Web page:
Greenland Ice Sheet Receding And Is Now Considered Unstable
March 17, 2014

Key Ice Stream In Greenland Is Receding

Brett Smith for - Your Universe Online

According to a new report in the journal Nature Climate Change, the last stable section of the Greenland ice sheet is receding and now considered unstable – a development that could portend even more ice loss in the future and significant sea level rise.

The report focused on a key ice stream in the Greenland ice sheet. Ice streams drain an ice basin from the interior of the sheet, in the same way that regular streams drain water from the Amazon River basin.

The study concluded that the Zachariae ice stream in northeast Greenland has receded about 12 miles throughout the last decade. By comparison, one of the fastest shifting glaciers, the Jakobshavn ice stream in southwest Greenland, has receded almost 22 miles across the last 150 years.

"Northeast Greenland is very cold. It used to be considered the last stable part of the Greenland ice sheet," said study author Michael Bevis of the Greenland GPS Network (GNET) project at The Ohio State University. "This study shows that ice loss in the northeast is now accelerating. So, now it seems that all of the margins of the Greenland ice sheet are unstable."

A bay clogged with floating ice debris has historically kept Zachariae from draining swiftly. Now that the ice is receding, this buffer is significantly decreased, enabling the glacier to speed up and draw more ice from the interior of the basin.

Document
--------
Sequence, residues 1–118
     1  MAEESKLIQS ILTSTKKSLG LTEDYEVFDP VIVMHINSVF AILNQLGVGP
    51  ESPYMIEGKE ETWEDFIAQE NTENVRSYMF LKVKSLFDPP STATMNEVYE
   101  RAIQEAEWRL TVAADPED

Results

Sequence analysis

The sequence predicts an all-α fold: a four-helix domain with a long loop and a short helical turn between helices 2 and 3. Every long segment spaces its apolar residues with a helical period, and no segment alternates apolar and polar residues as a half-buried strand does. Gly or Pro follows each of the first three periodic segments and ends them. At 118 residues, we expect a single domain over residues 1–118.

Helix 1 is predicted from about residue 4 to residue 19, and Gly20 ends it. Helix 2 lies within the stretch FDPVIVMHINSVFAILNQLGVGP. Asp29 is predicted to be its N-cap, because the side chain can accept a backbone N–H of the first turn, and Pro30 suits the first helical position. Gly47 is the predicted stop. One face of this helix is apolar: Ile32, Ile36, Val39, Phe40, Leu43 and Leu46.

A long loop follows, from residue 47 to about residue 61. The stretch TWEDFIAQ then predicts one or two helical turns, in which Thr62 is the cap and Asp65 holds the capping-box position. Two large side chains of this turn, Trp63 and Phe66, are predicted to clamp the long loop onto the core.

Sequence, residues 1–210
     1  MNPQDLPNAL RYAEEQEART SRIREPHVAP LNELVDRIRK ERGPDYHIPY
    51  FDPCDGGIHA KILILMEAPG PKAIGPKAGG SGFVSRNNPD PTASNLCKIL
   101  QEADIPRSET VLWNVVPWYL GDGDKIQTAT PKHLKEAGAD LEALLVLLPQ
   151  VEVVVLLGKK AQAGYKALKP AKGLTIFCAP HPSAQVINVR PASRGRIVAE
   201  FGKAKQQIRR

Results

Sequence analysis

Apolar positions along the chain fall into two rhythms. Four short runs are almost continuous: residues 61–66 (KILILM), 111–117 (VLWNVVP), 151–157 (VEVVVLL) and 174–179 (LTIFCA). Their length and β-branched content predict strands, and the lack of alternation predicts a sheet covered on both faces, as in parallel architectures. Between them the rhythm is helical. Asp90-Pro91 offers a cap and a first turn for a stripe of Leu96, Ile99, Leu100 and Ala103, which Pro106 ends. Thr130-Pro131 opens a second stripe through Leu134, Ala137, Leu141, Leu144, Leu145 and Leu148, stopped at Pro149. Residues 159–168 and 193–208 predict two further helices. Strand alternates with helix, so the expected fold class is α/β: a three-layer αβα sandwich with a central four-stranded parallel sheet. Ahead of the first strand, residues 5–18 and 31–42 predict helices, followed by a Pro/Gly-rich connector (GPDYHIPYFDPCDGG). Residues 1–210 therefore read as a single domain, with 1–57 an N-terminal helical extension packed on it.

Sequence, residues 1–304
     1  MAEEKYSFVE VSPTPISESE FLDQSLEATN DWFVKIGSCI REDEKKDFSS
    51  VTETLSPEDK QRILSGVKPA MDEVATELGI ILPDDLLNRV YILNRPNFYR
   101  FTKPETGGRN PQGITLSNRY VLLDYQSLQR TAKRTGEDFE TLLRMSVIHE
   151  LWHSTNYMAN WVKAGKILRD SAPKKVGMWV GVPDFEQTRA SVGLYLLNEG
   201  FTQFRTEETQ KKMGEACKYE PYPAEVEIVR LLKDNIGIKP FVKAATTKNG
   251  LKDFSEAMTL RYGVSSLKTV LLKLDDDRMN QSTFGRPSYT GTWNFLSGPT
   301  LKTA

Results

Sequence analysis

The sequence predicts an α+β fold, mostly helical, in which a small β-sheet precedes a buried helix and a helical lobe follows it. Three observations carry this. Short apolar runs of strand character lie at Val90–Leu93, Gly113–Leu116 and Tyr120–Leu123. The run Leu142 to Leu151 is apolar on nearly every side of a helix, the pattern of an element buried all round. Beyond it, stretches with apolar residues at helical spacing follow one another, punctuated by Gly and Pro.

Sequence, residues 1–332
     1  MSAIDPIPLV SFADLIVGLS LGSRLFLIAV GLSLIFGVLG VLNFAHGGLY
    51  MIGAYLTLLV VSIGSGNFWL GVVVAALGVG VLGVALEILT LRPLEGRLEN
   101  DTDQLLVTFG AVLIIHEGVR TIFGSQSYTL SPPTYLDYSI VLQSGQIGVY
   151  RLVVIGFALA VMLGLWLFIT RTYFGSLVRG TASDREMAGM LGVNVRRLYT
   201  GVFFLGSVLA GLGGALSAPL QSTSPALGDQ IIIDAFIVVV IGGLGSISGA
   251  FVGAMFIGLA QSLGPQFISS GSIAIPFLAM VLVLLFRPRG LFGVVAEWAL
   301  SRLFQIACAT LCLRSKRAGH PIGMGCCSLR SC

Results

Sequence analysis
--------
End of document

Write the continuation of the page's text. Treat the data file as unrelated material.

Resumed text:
"This suggests a possible positive feedback mechanism whereby retreat of the outlet glacier, in part due to warming of the air and in part due to glacier dynamics, leads to increased dynamic loss of ice upstream," said Bevis, who is also a professor of earth sciences at Ohio State. “This suggests that Greenland's contribution to global sea level rise may be even higher in the future.”

Study author Shfaqat Abbas Khan, a senior researcher at the National Space Institute at the Technical University of Denmark, said his team’s conclusion is fairly troubling.

"The fact that the mass loss of the Greenland Ice Sheet has generally increased over the last decades is well known," Khan said, "but the increasing contribution from the northeastern part of the ice sheet is new and very surprising."

To weigh the ice sheet, researchers at the GNET project used the earth's normal elasticity to gauge the mass of the ice sheet. As previous research has pointed out, ice weighs down bedrock, and when the ice melts, the bedrock rises significantly in response. With over 50 GNET stations along Greenland's coast measuring the ice sheet like a massive bathroom scale, Khan and his colleagues combined this information with ice density measurements taken by four different satellites.

The team discovered that the northeast Greenland ice sheet shed about 10 billion tons of ice per year from April 2003 to April 2012. Khan said this finding is cause for particular concern because the northeast ice stream is connected to the heart of Greenland's ice reservoir.

"This implies that changes at the margin can affect the mass balance deep in the center of the ice sheet,” he said. “Furthermore, due to the huge size of the northeast Greenland ice stream, it has the potential of significantly changing the total mass balance of the ice sheet in the near future.”

"The fact that this ice loss is associated with a major ice stream that channels ice from deep in the interior of the ice sheet does add some additional concern about what might happen,” Bevis agreed.